"Mom, can I see if my fairy left me a note?!" This has been my wake-up call nearly every morning for the past month, since we finished week one of Fairy Camp at Home with my 4-year-old fairy- and magic-loving daughter. Like most families, we have spent the past few months navigating working at home while trying to keep our daughter
from turning into a complete monster entertained. We spend most of our time trying to get by, feeling the undercurrent of stress in trying to balance work and parenting, with glimmers of positive moments and parenting wins popping up just when we need them. Fairy Camp at Home, and the resulting fairy obsession in our household, has emerged as one of the brightest spots from this time at home together.
Since we live in Northern California, we never would have heard of Fairy Camp if not for the pandemic — it's traditionally a summer camp for kids aged 3-12 based exclusively in Los Angeles (like Busy Philipps' kids!). Founders Melissa and Sue have run the camp for the past 10 years, bringing kids out of the "real world" and into a magical world of fairies, trolls, and enchanting adventures, and they've adapted to the current climate by bottling up that magic into a more DIY version. In "normal" times, this camp would be right up my daughter's alley, but I wasn't sure how it would translate when we decided to bring the camp to our house. Turns out, it worked great! But there are a few important lessons I learned along the way. Read on for my tips about how Fairy Camp works, some tips for summer camp at home in general, and how to keep the magic going after camp is over.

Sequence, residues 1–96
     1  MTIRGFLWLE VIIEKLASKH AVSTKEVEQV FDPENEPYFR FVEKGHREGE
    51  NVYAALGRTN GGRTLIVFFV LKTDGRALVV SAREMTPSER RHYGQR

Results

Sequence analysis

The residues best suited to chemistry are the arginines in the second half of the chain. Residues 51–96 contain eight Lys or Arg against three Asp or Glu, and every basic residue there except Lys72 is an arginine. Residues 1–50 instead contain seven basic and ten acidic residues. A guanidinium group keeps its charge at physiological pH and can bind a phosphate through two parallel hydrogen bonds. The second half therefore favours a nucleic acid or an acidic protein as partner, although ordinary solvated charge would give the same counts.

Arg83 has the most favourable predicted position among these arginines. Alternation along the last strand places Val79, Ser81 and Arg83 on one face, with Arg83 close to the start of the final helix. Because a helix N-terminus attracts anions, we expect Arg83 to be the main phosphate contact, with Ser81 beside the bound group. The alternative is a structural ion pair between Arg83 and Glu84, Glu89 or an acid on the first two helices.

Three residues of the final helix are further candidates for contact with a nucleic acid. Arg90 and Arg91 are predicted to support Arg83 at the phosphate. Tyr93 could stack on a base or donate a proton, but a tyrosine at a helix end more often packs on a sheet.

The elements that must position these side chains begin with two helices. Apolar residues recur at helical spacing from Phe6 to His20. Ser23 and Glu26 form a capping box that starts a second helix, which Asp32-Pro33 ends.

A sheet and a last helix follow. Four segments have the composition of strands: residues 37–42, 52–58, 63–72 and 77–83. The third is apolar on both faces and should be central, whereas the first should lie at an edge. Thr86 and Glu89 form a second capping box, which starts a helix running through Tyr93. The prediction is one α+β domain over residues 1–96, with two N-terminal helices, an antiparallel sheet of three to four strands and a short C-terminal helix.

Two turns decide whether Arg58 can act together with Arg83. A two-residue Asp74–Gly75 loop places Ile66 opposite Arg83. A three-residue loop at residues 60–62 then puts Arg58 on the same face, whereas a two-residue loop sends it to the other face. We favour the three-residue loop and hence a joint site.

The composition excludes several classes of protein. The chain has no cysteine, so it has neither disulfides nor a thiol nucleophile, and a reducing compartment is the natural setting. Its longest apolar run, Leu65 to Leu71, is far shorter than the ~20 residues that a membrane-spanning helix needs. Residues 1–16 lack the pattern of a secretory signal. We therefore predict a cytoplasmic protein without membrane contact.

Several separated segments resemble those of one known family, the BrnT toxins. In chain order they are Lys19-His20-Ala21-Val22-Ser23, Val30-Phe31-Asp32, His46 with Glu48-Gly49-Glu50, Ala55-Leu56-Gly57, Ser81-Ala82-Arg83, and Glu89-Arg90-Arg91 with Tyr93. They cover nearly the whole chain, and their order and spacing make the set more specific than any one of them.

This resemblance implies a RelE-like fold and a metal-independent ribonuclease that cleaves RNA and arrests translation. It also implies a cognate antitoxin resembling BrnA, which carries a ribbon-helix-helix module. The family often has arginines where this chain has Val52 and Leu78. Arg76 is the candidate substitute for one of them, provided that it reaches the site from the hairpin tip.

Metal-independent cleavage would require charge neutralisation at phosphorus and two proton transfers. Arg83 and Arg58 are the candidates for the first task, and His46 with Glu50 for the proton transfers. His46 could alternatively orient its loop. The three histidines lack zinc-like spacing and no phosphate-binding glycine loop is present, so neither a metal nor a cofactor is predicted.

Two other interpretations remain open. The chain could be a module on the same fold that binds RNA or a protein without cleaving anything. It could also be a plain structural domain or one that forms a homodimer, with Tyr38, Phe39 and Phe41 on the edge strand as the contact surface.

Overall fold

Who Is Fairy Camp For?
As a 4-year-old obsessed with all things rainbow, sparkles, and magic, my daughter is the target audience for Fairy Camp. Fairy Camp LA caters to kids as young as 3 and as old as 12 (who generally become Junior Fairy Counselors), but I would say the at-home box is best for ages 3-8.
Fairy Camp 101: What Parents Should Know Before They Start
We started Fairy Camp without knowing much about it and quickly learned that Melissa and Sue have created quite a fairy universe. Our daughter was able to jump right in, but it was helpful for me to learn about some key characters and places before we got started. Since it may be helpful for other parents too, here's the deal:
When kids are at Fairy Camp LA, they're visited by fairies from the village of Hannalonkawich. Queen Lekis is the matriarch and she's married to King Wringlepringle. Dossledorf is the lead communications fairy and writes the kids notes at camp. The daily notes dictate what the plan will be for the day. Troll Tiki is there too, and he loves to play pranks on the fairies and the kids.
While these fairies and Troll Tiki make some "appearances" and are referenced in the videos, Fairy Camp at Home introduces everyone to a brand-new village, called Whakaaro. Fig is the communications fairy for Whakaaro. You won't actually meet Fig, but he will send your kid a note every day during camp. Like Dossledorf, Fig's notes help set the stage before you watch the daily video.
Finally, all the fairies are different colors and each color has a meaning. I won't give you the exhaustive list here, but these are the key fairy colors the counselors mentioned during camp:
- Red fairies are love fairies